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5 Top Tips On Photographing Stained Glass Windows

Stained glass windows are a photogenic subject but they can be a nightmare to photograph. Here are a few tips to help you perfect your technique.

|  Architecture
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Stained Glass Window

 

1. What Gear Will I Need? 

  • Telephoto zoom lens – Gets you close to the window without having to climb a ladder
  • Wide-angle lens – Useful for when the window's particularly large
  • Tripod – In dark churches you need a sturdy tripod
  • Remote release – minimise shake

 

2. Support

When you walk through the doors of a church you instantly notice how dark the interior is and as flash is banned from most historical buildings you'll be relying on long exposures to get your shot. As a result, a tripod and remote release are essential pieces of kit but if you're out for the day with the family and didn't plan on stumbling across a stained glass window you just had to photograph you need to look for a wall you can put your camera on or find a pillar you can rest against while you take your shot. Just remember to keep your arms tucked into your body and hold your breath while you fire the shutter to minimise shake.

 

Not all churches will allow photographers to use tripods or if they do there may be a fee so it's best to double-check before you start taking your shots.
 

3. Position

In an ideal world, you'd be able to use a ladder or even scaffolding to get you directly in line with the window to minimise distortion but as people would be a little upset if you started erecting poles in the middle of a church, you need to find a spot further back from the window and use a longer lens to zoom into the stained glass. If you can't find a position that lines you up with the centre of the window take the shot anyway as you can edit this as well as problems with converging verticals once you're back home.
 

4. Size

Some stained glass windows are so big that even with a wide-angle lens you can't get the whole window in-frame. You can take several shots of the window and stitch the images together when you're back home or you could forget about the big picture and focus in on the colourful detail.

Due to the size of the window and as you'll be looking up at them you will probably need a small aperture to ensure everything from the bottom to the top of the window is in focus.
 

5. Exposure

A bright window surrounded by dark interiors will confuse the camera's exposure system and you'll either get a shot where the window is too bright as the camera has compensated for the surroundings or a shot of a perfectly exposed window with black surroundings as the camera has taken its reading from the window light. One way to solve this problem is to take two shots, one exposed for the window and the other for the surroundings, then once you're back home you combine them to make one perfectly exposed shot. You must use a tripod and ensure the camera doesn't move if you do this as the slightest of nudges will mean the final shots don't line up correctly.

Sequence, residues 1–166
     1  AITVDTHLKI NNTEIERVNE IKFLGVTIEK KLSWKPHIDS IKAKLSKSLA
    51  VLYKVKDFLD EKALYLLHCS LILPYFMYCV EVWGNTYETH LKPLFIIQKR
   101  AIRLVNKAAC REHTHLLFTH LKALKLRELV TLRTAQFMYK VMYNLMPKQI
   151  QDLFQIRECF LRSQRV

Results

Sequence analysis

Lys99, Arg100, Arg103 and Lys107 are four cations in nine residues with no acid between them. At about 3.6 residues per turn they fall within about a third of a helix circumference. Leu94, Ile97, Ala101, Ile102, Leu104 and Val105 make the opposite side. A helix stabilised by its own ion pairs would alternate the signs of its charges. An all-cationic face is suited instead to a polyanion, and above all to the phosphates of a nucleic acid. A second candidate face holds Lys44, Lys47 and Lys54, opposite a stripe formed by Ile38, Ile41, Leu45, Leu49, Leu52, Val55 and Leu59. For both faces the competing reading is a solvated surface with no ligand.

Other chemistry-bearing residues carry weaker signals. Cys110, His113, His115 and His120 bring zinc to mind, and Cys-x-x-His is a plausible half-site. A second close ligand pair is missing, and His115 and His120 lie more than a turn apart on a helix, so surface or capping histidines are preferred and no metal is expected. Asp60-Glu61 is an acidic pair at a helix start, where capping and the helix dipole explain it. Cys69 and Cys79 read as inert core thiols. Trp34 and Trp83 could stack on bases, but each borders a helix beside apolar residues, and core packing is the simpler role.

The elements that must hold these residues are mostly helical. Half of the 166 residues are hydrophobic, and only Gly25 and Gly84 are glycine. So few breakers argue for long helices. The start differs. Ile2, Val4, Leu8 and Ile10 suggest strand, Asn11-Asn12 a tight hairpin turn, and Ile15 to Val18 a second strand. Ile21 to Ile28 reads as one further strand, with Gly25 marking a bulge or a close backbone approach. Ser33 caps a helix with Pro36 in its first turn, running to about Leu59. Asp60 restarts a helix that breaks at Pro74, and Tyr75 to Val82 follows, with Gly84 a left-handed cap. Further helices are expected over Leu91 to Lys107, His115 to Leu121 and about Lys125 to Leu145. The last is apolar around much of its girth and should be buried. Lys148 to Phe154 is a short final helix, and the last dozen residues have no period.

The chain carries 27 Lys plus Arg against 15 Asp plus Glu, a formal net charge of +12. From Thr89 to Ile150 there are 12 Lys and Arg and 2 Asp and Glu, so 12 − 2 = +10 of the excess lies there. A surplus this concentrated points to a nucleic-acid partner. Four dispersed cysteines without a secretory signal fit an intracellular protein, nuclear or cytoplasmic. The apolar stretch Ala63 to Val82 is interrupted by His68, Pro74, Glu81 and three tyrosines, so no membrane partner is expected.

If you don't want to include any of the building's structure in the shot you can usually rely on the camera to meter correctly unless it's a really sunny day then you'll need to use exposure compensation.

 

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Comments


Minty805 Plus
4 42 9 United Kingdom
13 Apr 2021 8:31PM
May I make a suggestion regarding the second tip - that of holding your breath while firing the shutter to minimise shake.
Years ago, I did a lot of target pistol shooting and some of the techniques are transferable, given that in both disciplines there is a need for stillness for a few seconds while the target/composition is acquired and the pistol/shutter is fired.
We trained ourselves specifically not to hold our breath, but to try to steady the breathing, then inhale without exaggerating it and aim to fire as you breathed out slowly.
If you hold your breath, you will notice your pulse increases, which makes you less steady, whereas following the technique described lowers the pulse and makes you steadier.
It takes a little practice, but I always found it well worthwhile and try to do the same when firing the shutter these days. Hope this helps.
Super feature, by the way, on a beautiful subject I always love to look at.
Allan

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